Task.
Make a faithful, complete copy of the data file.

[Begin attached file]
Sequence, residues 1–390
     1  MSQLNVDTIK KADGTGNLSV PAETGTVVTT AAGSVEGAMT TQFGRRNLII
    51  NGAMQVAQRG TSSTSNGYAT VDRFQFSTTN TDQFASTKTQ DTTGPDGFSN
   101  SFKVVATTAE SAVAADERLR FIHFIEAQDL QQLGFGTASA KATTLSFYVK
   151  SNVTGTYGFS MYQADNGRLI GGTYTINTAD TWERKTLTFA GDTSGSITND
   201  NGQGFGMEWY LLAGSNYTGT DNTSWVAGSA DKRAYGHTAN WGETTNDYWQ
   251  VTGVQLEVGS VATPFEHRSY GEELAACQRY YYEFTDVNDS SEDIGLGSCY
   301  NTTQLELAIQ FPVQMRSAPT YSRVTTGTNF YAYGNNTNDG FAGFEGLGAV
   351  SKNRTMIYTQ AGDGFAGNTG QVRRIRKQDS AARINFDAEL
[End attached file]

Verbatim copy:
Sequence, residues 1–390
     1  MSQLNVDTIK KADGTGNLSV PAETGTVVTT AAGSVEGAMT TQFGRRNLII
    51  NGAMQVAQRG TSSTSNGYAT VDRFQFSTTN TDQFASTKTQ DTTGPDGFSN
   101  SFKVVATTAE SAVAADERLR FIHFIEAQDL QQLGFGTASA KATTLSFYVK
   151  SNVTGTYGFS MYQADNGRLI GGTYTINTAD TWERKTLTFA GDTSGSITND
   201  NGQGFGMEWY LLAGSNYTGT DNTSWVAGSA DKRAYGHTAN WGETTNDYWQ
   251  VTGVQLEVGS VATPFEHRSY GEELAACQRY YYEFTDVNDS SEDIGLGSCY
   301  NTTQLELAIQ FPVQMRSAPT YSRVTTGTNF YAYGNNTNDG FAGFEGLGAV
   351  SKNRTMIYTQ AGDGFAGNTG QVRRIRKQDS AARINFDAEL